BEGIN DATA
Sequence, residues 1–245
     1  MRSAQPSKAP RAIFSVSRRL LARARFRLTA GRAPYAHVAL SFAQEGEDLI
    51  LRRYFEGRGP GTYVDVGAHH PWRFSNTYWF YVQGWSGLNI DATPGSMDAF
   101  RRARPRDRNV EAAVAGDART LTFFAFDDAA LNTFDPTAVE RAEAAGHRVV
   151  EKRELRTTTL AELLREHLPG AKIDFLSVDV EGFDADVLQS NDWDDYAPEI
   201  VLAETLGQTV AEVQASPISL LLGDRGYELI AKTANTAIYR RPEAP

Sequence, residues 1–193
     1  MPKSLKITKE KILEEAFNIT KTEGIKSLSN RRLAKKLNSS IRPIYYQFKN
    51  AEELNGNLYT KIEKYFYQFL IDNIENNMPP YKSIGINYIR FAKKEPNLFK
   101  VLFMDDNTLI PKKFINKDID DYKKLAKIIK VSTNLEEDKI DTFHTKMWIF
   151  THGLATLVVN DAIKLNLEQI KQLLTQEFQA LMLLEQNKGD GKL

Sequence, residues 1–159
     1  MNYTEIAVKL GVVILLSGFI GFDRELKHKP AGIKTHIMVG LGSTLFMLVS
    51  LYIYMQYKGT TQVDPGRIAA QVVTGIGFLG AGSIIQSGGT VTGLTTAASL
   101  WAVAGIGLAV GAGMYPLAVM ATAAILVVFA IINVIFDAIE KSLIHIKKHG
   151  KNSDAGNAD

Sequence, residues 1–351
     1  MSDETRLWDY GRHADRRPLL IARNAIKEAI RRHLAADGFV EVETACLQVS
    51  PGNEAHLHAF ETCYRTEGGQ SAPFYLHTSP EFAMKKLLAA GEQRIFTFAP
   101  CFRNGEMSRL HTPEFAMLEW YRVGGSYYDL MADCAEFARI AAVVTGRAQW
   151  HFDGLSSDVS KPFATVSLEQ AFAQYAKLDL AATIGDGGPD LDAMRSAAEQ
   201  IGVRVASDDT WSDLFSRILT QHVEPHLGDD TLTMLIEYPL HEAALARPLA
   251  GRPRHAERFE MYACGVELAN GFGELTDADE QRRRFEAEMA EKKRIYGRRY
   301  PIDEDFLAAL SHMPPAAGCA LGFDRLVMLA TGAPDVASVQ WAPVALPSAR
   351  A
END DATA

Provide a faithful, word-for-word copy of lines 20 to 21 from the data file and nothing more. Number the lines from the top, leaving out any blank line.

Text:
   101  CFRNGEMSRL HTPEFAMLEW YRVGGSYYDL MADCAEFARI AAVVTGRAQW
   151  HFDGLSSDVS KPFATVSLEQ AFAQYAKLDL AATIGDGGPD LDAMRSAAEQ